Both Palmer and Nilles gave detailed presentations on the future of coal in this country and the world. In St. Louis the subject of coal is rife with conflicted ideals. Here, in the middle of the ever increasing 'Rust Belt,' Peabody Coal is one of the few remaining large employers. Those of similar mind to Palmer might argue that university students, spending a few brief years here, will not have to contend with the economic fallout of Peabody's threatening to move corporate HQ. Yet, St. Louis and the surrounding area has some of the highest rates of severe childhood asthma in the country; and with youngsters downing inhalers like some drink Pepsi, it seems clear that Peabody's policies are already affecting.

While Palmer enlisted coal as the cure for world poverty and 'energy apartheid,' Nilles rebutted each claim by citing abundant loopholes or exemptions in federal regulations. When Palmer spoke of economic benefits from coal mining, Nilles countered with the example of West Virginia, a state both dependent on coal mining jobs and amongst the poorest states in the union.
   
Palmer spoke of scrubber technology which allegedly removes some eighty to ninety percent of toxins, including mercury. Nilles confirmed the efficacy of the technology, but added that the majority of coal refineries in the US were built before 1980 and are not retrofitted with this scrubber technology. In fact, Nilles suggested that St. Louis has some 750 million in added health costs because no pollution control devices were ever added to the older plants here.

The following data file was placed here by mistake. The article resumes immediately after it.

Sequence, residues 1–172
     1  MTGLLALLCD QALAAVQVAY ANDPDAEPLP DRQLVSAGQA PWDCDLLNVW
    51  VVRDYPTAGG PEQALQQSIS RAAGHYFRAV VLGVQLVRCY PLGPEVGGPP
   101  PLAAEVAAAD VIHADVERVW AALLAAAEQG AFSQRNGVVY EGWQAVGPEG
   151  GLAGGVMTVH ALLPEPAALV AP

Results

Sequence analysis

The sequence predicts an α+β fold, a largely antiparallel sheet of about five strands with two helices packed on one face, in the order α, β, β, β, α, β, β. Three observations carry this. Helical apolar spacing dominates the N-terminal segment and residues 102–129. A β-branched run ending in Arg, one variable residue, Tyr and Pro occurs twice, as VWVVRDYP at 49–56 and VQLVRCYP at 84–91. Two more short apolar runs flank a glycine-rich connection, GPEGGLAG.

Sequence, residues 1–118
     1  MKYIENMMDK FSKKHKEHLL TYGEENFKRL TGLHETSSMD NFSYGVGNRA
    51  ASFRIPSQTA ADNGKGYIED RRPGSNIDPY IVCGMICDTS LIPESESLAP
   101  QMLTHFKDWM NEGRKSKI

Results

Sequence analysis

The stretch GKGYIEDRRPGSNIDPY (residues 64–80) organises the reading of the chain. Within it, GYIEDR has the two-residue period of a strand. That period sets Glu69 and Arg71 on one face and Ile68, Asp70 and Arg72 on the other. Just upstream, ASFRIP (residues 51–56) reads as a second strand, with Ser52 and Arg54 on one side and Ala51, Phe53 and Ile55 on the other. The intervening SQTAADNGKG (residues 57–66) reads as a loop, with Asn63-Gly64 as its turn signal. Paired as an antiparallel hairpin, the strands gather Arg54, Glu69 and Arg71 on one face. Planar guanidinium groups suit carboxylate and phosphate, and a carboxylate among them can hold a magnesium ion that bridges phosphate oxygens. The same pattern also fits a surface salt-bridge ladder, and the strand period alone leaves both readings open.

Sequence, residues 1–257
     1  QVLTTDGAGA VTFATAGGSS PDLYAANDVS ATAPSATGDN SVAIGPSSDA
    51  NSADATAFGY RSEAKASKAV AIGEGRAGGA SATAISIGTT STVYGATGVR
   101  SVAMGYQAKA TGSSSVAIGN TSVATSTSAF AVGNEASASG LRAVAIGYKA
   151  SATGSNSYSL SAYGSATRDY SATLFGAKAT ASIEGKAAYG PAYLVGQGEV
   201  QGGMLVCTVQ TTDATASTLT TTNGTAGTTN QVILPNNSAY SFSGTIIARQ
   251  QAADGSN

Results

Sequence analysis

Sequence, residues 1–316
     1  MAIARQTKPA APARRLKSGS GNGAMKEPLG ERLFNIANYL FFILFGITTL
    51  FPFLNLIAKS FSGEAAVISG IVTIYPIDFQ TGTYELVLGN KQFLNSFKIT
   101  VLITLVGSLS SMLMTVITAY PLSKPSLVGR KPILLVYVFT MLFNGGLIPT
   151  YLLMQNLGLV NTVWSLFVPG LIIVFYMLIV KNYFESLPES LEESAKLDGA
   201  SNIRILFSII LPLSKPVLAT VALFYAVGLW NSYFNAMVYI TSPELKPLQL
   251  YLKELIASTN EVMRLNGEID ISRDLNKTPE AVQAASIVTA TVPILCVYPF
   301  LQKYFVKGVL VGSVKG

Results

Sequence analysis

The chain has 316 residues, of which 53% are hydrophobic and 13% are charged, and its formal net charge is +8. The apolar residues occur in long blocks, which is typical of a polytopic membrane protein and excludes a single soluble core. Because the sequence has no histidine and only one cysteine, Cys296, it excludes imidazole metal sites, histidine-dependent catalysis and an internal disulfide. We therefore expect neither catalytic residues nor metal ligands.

Both men spoke of renewable energy sources, with again, very different opinions. While Palmer pushed the 'expanding the definition of renewables;' Nilles, however, dealt with scientific facts rather than semantics. Citing the growing wind power technology, he explained how the US could be 'off of coal in two decades.' Again Nilles rallied against the multiple exemptions in the laws governing the coal industry, pointing out that, "we can't dump our trash in the river but the coal industry can."   

After the program Nilles was kind enough to allow a video interview explaining these arguments in more depth. Here is the video link:

Palmer had already left the building. 
 
In conclusion, while Palmer may not 'accept the premise of the question,' these student activist groups not only accepted the question, but also issued their own declaration of 'independence' from lawyerly 'Orwellian' doublespeak controlling the debate. They demand scientific studies to be judged by scientific evidence, not lawyerly exemptions and public relations 'greenwashing.' Not only that, but they expect Congress to legislate our energy policy based on sound science -- not closed discussion dictated by lawyers turned lobbyists. To quote Bruce Nilles, "at the end of the day, your voice is not being heard and that is a subversion of democracy." These student activists at Washington University intend to take their democracy back.